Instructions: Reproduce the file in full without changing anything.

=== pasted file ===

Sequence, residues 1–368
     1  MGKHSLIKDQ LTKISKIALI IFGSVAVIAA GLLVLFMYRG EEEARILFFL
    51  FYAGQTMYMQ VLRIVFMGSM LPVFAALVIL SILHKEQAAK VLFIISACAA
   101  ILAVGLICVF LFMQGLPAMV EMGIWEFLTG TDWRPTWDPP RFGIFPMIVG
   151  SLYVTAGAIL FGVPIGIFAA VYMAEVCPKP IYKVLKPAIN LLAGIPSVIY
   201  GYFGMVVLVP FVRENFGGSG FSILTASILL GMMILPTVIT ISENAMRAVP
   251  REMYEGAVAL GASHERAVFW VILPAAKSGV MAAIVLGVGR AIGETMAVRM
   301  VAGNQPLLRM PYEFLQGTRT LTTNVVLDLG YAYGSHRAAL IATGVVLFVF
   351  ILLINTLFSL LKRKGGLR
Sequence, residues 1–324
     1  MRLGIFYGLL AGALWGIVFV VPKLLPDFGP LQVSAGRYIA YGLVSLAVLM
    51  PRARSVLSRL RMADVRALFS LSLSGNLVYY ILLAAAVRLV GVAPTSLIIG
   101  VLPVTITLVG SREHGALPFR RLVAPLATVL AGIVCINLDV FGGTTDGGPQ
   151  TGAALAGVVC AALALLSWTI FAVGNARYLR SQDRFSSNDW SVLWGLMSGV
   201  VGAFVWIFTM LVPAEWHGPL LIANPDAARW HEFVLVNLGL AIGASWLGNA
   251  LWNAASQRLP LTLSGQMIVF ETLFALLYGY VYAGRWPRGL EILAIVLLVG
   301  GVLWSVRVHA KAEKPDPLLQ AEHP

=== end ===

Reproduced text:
Sequence, residues 1–368
     1  MGKHSLIKDQ LTKISKIALI IFGSVAVIAA GLLVLFMYRG EEEARILFFL
    51  FYAGQTMYMQ VLRIVFMGSM LPVFAALVIL SILHKEQAAK VLFIISACAA
   101  ILAVGLICVF LFMQGLPAMV EMGIWEFLTG TDWRPTWDPP RFGIFPMIVG
   151  SLYVTAGAIL FGVPIGIFAA VYMAEVCPKP IYKVLKPAIN LLAGIPSVIY
   201  GYFGMVVLVP FVRENFGGSG FSILTASILL GMMILPTVIT ISENAMRAVP
   251  REMYEGAVAL GASHERAVFW VILPAAKSGV MAAIVLGVGR AIGETMAVRM
   301  VAGNQPLLRM PYEFLQGTRT LTTNVVLDLG YAYGSHRAAL IATGVVLFVF
   351  ILLINTLFSL LKRKGGLR
Sequence, residues 1–324
     1  MRLGIFYGLL AGALWGIVFV VPKLLPDFGP LQVSAGRYIA YGLVSLAVLM
    51  PRARSVLSRL RMADVRALFS LSLSGNLVYY ILLAAAVRLV GVAPTSLIIG
   101  VLPVTITLVG SREHGALPFR RLVAPLATVL AGIVCINLDV FGGTTDGGPQ
   151  TGAALAGVVC AALALLSWTI FAVGNARYLR SQDRFSSNDW SVLWGLMSGV
   201  VGAFVWIFTM LVPAEWHGPL LIANPDAARW HEFVLVNLGL AIGASWLGNA
   251  LWNAASQRLP LTLSGQMIVF ETLFALLYGY VYAGRWPRGL EILAIVLLVG
   301  GVLWSVRVHA KAEKPDPLLQ AEHP